Prince William County this week became the largest local jurisdiction in the nation to be released from the requirements of a historic federal law ensuring fair treatment for minorities at the polls.
Officials on Wednesday said the Department of Justice granted a “bailout” releasing the county from its obligation to “pre-clear” voting changes — including redistricting — with the federal government under Section 5 of the Voting Rights Act of 1965.
The act requires that all or parts of 16 mostly Southern states seek approval for any voting changes because of a history of discrimination at the polls. To get the bailout, county officials had to demonstrate 10 years of unbiased voting practices.
Board of County Supervisors Chairman Corey A. Stewart called the approval “a major milestone in our county’s history.”
“This shows how far we have come in the past 45 years,” he said. “We protect the voting rights of all U.S. citizens regardless of race, religious preference or ethnicity. And this demonstrates our commitment to those essential rights of our citizens.”
Officials have long complained that obtaining approval for even the most seemingly innocuous changes costs time, money and effort.
For example, Prince William officials had to ask federal permission to close the county registrar's office for a day so renovations could be done on the building, according to assistant county attorney Jeffrey Notz.
Officials also had to seek permission from the Justice Department to change the name of a street in front of a high school where polling is conducted.
In 1997, the city of Fairfax became the first Virginia jurisdiction to be granted a bailout, and there are now more than 25 jurisdictions, with nine bailouts coming since August.
Gerry Hebert, a lawyer who handles many bailout cases, including Prince William’s, said the county has demonstrated a stellar voting record despite attention it has garnered from unrelated issues in recent years. Prince William County had, to a certain extent, become synonymous with its tough crackdown on illegal immigration since 2007.
Given the county’s size — its population topped 400,000 in the most recent census — more data had to be accumulated there than other jurisdictions, Mr. Hebert said, but the process wasn’t much more complicated. Checking the county’s political subunits, which include four towns within the county as well as its school board, took a bit longer, he said.
The county, in essence, sued the federal government in January seeking its release from the act. Justice Department lawyers accepted the county’s argument and filed a consent decree in U.S. District Court for the District last month. A three-judge panel signed off on the agreement Tuesday.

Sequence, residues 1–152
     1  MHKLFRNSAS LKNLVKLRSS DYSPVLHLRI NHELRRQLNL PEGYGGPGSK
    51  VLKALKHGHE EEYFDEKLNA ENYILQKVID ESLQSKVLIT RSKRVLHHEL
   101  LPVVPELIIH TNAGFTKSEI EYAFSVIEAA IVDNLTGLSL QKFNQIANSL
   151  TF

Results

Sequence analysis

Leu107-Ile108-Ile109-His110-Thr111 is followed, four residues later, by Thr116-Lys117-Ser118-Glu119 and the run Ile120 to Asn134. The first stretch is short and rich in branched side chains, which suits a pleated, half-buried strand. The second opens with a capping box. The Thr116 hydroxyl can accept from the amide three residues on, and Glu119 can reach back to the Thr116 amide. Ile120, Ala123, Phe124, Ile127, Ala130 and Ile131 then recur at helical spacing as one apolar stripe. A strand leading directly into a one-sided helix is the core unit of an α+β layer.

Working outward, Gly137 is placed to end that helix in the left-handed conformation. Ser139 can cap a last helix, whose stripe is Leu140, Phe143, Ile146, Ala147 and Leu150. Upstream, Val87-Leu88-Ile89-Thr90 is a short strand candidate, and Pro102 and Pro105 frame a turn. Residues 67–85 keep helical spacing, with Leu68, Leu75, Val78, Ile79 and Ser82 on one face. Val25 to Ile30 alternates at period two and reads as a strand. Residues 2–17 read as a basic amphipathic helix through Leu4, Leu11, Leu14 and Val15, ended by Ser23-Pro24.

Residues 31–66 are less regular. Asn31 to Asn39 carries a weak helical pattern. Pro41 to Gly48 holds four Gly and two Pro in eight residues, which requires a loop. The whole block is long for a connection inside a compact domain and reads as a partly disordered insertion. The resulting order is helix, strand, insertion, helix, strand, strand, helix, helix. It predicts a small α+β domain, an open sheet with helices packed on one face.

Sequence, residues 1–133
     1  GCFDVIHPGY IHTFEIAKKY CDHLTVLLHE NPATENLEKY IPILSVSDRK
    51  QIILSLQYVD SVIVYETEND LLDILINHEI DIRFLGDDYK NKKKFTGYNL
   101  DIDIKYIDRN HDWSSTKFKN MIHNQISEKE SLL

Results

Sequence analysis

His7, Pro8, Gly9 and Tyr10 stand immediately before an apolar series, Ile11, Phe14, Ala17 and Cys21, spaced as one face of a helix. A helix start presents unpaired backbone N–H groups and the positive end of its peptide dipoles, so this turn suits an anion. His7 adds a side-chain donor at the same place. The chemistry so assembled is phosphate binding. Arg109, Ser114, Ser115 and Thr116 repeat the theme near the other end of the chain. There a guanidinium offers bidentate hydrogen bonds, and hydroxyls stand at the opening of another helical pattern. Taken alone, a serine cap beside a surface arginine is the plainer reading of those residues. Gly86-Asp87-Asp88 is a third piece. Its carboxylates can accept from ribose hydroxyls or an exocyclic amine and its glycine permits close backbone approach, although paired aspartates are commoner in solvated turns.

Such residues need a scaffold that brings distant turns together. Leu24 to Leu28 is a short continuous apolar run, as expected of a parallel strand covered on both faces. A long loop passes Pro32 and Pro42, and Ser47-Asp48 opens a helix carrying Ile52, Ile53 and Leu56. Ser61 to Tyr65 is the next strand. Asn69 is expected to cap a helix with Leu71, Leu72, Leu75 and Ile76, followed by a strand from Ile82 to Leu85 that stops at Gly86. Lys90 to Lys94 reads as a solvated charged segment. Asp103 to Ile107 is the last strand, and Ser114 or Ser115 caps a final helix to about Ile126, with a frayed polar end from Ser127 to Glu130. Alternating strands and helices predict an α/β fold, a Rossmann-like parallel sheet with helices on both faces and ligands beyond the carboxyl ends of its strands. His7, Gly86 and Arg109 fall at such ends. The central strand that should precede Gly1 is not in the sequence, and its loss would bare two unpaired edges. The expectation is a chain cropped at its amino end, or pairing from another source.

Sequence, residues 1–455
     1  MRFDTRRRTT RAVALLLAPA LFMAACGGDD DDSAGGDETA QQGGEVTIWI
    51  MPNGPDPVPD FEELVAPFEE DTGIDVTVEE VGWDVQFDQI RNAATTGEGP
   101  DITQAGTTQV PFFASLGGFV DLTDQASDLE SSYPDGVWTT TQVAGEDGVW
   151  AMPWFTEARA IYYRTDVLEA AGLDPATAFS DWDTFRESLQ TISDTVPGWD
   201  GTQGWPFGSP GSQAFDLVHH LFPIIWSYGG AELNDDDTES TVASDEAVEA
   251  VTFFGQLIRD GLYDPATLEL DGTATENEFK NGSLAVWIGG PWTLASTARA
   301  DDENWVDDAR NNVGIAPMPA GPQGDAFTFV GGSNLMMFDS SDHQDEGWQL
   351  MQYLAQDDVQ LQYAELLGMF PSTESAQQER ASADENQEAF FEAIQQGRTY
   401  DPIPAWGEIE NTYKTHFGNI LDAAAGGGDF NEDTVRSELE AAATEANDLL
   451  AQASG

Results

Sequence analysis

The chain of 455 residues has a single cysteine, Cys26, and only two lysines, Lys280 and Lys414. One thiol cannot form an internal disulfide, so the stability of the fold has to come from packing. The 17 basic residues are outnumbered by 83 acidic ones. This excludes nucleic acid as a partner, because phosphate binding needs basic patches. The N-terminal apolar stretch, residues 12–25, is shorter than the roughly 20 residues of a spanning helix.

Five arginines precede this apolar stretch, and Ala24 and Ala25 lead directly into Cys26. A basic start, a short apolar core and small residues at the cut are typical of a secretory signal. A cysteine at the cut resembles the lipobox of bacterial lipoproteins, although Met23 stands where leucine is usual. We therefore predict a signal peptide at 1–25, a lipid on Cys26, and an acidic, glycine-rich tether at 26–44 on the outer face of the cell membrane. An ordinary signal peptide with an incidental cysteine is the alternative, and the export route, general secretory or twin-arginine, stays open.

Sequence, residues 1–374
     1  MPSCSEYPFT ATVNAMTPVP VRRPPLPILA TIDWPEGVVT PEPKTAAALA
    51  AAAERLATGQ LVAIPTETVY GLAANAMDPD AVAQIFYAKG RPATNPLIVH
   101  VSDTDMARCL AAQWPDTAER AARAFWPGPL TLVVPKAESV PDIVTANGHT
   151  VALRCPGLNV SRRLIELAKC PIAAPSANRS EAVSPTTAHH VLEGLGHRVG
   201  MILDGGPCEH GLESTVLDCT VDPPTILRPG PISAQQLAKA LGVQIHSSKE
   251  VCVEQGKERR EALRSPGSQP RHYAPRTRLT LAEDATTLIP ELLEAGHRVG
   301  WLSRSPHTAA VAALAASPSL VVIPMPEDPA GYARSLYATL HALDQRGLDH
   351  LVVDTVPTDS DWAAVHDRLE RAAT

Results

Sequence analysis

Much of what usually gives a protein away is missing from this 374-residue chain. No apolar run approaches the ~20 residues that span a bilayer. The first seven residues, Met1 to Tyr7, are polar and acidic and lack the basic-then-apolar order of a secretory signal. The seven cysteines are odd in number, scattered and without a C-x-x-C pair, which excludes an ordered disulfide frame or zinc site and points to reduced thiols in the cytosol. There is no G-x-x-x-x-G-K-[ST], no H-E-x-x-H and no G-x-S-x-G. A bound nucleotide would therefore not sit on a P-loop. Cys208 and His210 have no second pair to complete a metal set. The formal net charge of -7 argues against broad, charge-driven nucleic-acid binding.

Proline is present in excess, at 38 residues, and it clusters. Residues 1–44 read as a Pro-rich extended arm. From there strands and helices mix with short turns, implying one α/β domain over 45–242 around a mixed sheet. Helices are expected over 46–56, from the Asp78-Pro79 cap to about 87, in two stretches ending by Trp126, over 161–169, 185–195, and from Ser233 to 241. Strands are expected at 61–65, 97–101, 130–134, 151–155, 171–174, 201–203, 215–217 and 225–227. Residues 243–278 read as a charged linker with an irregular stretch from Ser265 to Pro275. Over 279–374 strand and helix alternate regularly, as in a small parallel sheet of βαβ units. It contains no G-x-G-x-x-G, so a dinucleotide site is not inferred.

Some have suggested that the act is no longer necessary.
Virginia Attorney General Kenneth T. Cuccinelli II, speaking to reporters and editors at the annual AP Day at the Capitol in 2010, said the state has “outgrown” the requirement to pre-clear its legislative districts with the federal government.
Even if there was the will, the logistics of bailing out the entire state could be well-nigh impossible — all 134 of the state’s counties and cities would have to pass muster, not to mention its towns and subdivisions.
“It would be quite a hurdle to overcome,” said Mary Spain, a senior attorney with Virginia’s Division of Legislative Services.
Mr. Hebert agreed but said that if the state were interested in expanding the scope of exemptions, officials would be better off targeting counties within Virginia that are virtually assured to be granted a bailout and seeking them on their behalf.
With Alaska and Arizona the exceptions, the other seven states covered as a whole under the law are all in the South. No states have been granted a bailout. Texas in March asked a three-judge panel to allow the state to challenge Section 5 of the 1965 Voting Rights Act as unconstitutional after the Justice Department objected to a state law requiring photo identification at the polls.
Covered counties and townships span from coast to coast: They include jurisdictions in California, Florida, New York, North Carolina, South Dakota, Michigan, and New Hampshire.
Mr. Hebert said he is currently working on an exemption case for New Hampshire.
Under the law passed in 1965, if a state had a literacy test or poll tax and if turnout or the number of registered voters among the voting-age population was lower than 50 percent in the 1964 presidential election, a state or jurisdiction would become subject to pre-clearance.
In 1970, when the law was renewed, federal officials looked at turnout in the 1968 elections. Since New Hampshire still had a literacy test in place and the turnout was below 50 percent in a handful of jurisdictions, those localities in the Granite State became subject to Section 5.
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David Sherfinski covers politics for The Washington Times. He can be reached at firstname.lastname@example.org.
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